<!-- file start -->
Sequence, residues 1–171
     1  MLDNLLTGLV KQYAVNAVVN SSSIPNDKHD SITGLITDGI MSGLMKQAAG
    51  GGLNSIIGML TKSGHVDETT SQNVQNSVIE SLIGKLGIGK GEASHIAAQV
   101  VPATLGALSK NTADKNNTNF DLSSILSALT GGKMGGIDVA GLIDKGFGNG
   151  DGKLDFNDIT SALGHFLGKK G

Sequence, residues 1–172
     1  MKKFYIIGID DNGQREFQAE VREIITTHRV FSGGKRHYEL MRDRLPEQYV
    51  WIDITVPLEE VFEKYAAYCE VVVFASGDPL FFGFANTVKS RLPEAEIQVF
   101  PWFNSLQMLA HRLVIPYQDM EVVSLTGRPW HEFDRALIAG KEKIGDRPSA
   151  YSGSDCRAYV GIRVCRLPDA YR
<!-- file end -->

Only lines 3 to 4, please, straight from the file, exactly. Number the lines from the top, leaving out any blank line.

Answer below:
    51  GGLNSIIGML TKSGHVDETT SQNVQNSVIE SLIGKLGIGK GEASHIAAQV
   101  VPATLGALSK NTADKNNTNF DLSSILSALT GGKMGGIDVA GLIDKGFGNG